Village of Bridgeport Cans Cleanup

BRIDGEPORT — In a split vote, Bridgeport Village Council decided not to hold a door-to-door village cleanup as it has done in years past.

Councilman David Rice brought up the subject of a village cleanup during the village council meeting Tuesday. But shortly thereafter, council voted on a proposed $10 fee per household to cover the cost of the cleanup service.

Allen Blanchard and Ben Lenz, along with Rice, voted in favor of the fee. Marvin Husarik, Norma Teasdale and Joseph Lyle voted against it. Mayor David Smith broke the tie, voting against the measure.

As a result, the village cleanup will be canceled this year.

“I’ve been against it (the clean-up) since I’ve been on village council,” Smith said.

They mayor believes that the fee, which has been charged in previous years, is unfair to residents who do not participate in the cleanup. Husarik echoed the mayor’s sentiments.

But Lenz disagreed with the decision to stop the cleanup. He said he has been approached by multiple people who asked about the cleanup and when it would occur.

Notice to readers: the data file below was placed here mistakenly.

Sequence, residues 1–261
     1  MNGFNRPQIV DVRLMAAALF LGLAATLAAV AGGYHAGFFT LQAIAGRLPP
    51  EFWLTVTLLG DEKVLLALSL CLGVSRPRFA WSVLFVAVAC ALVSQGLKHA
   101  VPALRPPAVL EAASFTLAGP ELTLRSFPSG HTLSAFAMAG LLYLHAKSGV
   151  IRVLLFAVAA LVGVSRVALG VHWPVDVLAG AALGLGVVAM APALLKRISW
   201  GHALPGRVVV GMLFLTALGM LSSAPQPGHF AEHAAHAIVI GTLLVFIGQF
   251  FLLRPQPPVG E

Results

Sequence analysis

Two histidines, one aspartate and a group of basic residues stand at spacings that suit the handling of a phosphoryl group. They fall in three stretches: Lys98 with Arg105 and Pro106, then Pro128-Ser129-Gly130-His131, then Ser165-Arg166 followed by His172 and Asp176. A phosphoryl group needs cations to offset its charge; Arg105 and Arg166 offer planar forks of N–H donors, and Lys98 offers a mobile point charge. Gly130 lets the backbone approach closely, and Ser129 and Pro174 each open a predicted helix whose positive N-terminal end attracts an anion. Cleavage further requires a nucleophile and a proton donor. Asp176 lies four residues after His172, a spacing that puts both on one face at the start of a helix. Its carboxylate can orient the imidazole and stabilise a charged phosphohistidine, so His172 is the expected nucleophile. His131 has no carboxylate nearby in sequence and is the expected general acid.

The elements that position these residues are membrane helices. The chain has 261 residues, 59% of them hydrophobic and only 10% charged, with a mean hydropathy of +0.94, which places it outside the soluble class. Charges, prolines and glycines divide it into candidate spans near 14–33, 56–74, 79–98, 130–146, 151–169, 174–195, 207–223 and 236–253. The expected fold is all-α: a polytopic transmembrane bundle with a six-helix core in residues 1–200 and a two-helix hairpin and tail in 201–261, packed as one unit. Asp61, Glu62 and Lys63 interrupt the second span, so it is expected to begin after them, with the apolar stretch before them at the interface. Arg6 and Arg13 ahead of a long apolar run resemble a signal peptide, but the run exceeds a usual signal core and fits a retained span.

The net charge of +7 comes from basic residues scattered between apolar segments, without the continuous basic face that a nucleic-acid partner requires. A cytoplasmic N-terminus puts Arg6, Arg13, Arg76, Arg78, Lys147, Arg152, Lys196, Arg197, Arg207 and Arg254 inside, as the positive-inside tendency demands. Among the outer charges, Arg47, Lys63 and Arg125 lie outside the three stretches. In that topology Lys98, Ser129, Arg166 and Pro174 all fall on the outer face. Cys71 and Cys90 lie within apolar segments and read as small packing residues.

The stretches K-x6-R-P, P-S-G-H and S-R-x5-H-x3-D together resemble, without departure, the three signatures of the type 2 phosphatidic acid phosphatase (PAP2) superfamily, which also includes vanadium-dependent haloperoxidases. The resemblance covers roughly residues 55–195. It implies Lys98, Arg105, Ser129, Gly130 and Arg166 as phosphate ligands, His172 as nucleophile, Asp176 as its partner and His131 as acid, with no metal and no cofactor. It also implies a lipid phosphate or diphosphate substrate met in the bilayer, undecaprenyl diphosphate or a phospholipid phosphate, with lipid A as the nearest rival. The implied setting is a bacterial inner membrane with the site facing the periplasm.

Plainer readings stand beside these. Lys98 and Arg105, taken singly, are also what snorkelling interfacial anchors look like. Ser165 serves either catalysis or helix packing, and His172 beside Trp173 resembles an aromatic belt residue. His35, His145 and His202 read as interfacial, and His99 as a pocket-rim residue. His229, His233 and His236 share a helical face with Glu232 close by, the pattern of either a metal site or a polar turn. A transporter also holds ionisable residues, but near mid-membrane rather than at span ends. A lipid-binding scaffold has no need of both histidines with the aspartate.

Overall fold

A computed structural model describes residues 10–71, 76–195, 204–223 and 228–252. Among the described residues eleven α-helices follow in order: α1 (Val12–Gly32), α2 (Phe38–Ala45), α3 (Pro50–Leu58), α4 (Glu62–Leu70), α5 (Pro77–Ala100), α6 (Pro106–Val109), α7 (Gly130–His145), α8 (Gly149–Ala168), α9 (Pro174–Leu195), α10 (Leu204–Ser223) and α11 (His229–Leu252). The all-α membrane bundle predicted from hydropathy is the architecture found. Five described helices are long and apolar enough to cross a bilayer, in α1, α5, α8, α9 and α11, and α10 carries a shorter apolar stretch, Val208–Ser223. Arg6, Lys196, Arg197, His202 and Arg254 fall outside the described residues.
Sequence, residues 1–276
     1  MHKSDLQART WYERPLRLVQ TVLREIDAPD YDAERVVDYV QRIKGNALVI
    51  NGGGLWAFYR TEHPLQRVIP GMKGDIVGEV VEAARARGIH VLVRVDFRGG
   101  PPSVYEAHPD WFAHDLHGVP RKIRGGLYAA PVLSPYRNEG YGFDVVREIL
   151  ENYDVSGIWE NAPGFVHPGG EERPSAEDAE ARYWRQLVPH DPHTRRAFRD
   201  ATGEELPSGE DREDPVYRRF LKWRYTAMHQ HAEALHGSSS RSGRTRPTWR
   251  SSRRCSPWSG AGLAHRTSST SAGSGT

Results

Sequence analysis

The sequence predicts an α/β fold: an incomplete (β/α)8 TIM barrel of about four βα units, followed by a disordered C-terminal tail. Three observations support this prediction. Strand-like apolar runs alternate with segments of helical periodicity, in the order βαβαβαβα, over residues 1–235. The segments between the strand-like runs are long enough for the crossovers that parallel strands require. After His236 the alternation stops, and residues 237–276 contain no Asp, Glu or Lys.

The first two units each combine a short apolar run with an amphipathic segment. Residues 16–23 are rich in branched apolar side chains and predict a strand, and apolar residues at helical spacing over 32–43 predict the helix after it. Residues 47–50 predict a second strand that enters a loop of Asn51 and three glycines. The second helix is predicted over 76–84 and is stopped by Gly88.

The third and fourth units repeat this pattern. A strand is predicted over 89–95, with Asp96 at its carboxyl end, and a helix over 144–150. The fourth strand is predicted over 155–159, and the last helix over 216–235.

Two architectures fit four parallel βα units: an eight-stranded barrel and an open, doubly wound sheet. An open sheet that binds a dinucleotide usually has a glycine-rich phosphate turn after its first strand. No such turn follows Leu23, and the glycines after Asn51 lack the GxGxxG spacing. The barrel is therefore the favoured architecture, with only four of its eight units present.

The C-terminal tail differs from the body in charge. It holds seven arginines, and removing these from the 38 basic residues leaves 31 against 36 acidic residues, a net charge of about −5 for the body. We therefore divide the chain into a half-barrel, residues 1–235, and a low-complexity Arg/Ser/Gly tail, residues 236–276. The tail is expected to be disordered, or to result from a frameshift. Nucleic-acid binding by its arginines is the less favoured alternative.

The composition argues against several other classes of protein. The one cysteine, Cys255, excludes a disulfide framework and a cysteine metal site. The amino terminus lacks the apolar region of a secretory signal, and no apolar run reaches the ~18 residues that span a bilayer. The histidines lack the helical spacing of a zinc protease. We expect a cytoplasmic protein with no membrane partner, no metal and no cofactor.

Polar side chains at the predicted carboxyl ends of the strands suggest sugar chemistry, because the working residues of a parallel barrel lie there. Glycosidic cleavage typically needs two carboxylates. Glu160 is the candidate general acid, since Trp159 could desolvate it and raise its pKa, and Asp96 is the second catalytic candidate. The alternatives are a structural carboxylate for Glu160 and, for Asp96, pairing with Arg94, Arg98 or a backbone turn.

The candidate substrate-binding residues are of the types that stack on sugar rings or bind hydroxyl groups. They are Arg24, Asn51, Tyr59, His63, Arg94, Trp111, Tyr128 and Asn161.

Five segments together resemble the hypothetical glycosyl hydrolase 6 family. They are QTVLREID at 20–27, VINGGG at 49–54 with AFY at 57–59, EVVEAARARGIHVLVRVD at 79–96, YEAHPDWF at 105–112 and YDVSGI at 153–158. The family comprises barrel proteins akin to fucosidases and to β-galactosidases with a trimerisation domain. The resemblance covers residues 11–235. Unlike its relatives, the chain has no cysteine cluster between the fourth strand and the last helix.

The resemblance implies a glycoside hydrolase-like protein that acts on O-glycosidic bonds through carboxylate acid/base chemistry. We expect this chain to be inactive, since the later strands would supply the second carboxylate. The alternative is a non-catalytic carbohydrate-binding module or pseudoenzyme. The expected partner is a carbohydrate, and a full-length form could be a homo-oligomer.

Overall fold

Lenz also said without a cleanup, he believes that vacant lots in the village will just become a “dumping ground.” Husarik said village ordinances already exist to keep residents from dumping randomly.

Rice had said the projected date for the cleanup would have been in early June. The cleanup would have involved the village renting several trucks to collect the trash at a rate of $155 per hour.

To help cover the cost of the trucks and disposal, Rice proposed adding $10 to the trash bills for village residents.

Smith said residents who need large trash hauled away can call the mayor’s office and arrange for it to be picked up. That service costs $50 plus a dumping fee, he said.

In other business, Michael Shaheen, village solicitor, swore in John Bumba, the village’s new chief of police. Bumba, who had previously served with the department as recently as December, is filling the position left open by Andrew Klotz. After serving as chief for eight years, Klotz left the department at the beginning of the month to take a job with the St. Clairsville Police Department. Bumba’s family assisted him by pinning on his chief’s insignia after he was sworn in. His swearing in is especially poignant as it takes place during National Police Appreciation Week.

“It’s an honor to be appointed as chief,” Bumba said. “I feel like this is where I started, and this is where I finish it out.”

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